On 23 January 2019, the European Commission adopted its decision finding that the level of data protection in the EU and Japan are equivalent. In parallel, Japan adopted its equivalent decision. It is the first time ever that such reciprocal adequacy decisions are adopted. These adequacy decisions create the world’s largest data area of safe data flows and will boost commercial opportunities for European and Japanese companies by facilitating the transfer of their data. Both decisions are applicable as of 23 January 2019.
Before the Commission adopted its adequacy decision, Japan put in place additional safeguards to guarantee that data transferred from the EU enjoy protection guarantees in line with European standards. These safeguards include:
- On 15 June 2018, Japan adopted a set of rules (Supplementary Rules) that enhance the protection of personal information transferred from the EU to Japan. The Supplementary Rules bridge several differences between the two data protection systems and provide with additional safeguards. In particular, Japan agreed to extend the Japanese definition of sensitive data; to facilitate the exercise of individual rights; further transfers of Europeans’ data from Japan to another third country (onward transfers) are subject to a higher level of protection. These Supplementary Rules are binding on Japanese companies importing data from the EU and enforceable by the Japanese independent data protection authority (PPC) and courts.
- The Japanese government also gave assurances to the Commission regarding safeguards concerning the access of Japanese public authorities for criminal law enforcement and national security purposes, ensuring that any such use of personal data would be limited to what is necessary and proportionate and subject to independent oversight and effective redress mechanisms.
- Japan also agreed to establish a system of handling and resolution of complaints, under the supervision of the Japanese data protection authority (the Personal Information Protection Commission), to ensure that potential complaints from Europeans as regards access to their data by Japanese law enforcement and national security authorities will be effectively investigated and resolved.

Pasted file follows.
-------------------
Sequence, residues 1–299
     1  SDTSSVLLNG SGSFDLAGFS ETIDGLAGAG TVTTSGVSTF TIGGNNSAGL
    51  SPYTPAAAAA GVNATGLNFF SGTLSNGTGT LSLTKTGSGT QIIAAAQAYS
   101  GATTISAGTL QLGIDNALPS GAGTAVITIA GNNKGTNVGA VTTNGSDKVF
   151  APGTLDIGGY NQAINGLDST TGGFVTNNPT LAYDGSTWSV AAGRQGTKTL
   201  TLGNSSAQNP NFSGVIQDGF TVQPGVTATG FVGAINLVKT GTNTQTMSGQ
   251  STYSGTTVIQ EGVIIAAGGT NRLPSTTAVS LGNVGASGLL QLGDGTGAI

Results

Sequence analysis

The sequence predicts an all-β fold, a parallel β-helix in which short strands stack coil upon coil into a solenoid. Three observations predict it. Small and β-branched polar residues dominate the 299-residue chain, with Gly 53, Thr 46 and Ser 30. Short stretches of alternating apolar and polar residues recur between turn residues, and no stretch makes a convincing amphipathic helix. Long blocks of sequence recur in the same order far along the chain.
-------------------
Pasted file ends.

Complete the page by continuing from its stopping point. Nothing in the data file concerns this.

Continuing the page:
In practice, with the adoption of the adequacy decisions, EU and Japanese businesses are now able to transfer data between them without being required to provide further safeguards or being subject to additional conditions. That means that the requirements of Article 46 of GDPR imposing additional measures to be taken providing appropriate safeguards for international data transfer ceases to apply to data transfer between the EU and Japanese companies. Transfer of data between EU and Japan are assimilated to intra-EEA transfer of data. The reciprocal adequacy decisions therefore allow companies to freely exchange personal data of their employees and customers without having to engage in burdensome paper work.
Please note though:
- The adequacy decisions only apply to the transfer of data between EU and Japan, which means that global companies might still need to implement an Intra-Group Data Transfer Agreement (IGDTA) in order to cover the transfer of data to countries other than EEA countries and Japan. Moreover, the obligation for a company to conclude a data processing agreement with its processor(s) as prescribed by Article 28 of GDPR is not removed.
- The scope of the EU adequacy decision is limited to business operators in Japan subject to the Act on the Protection of Personal Information as completed by the Supplementary Rules. This means that transfers of personal data between public authorities and bodies are excluded from the scope of the adequacy decision.
The EU adequacy decision constitutes the first adequacy decision since the entering into force of the GDPR. It will therefore constitute a precedent for future adequacy applications and for the review of the adequacy decisions rendered under Directive 95/46/EC on the protection of individuals with regard to the processing of personal data and on the free movement of such data.
For further information, please contact Patrick van Eecke (Partner, Belgium) or Anne-Gabrielle Haie (Lawyer, Belgium).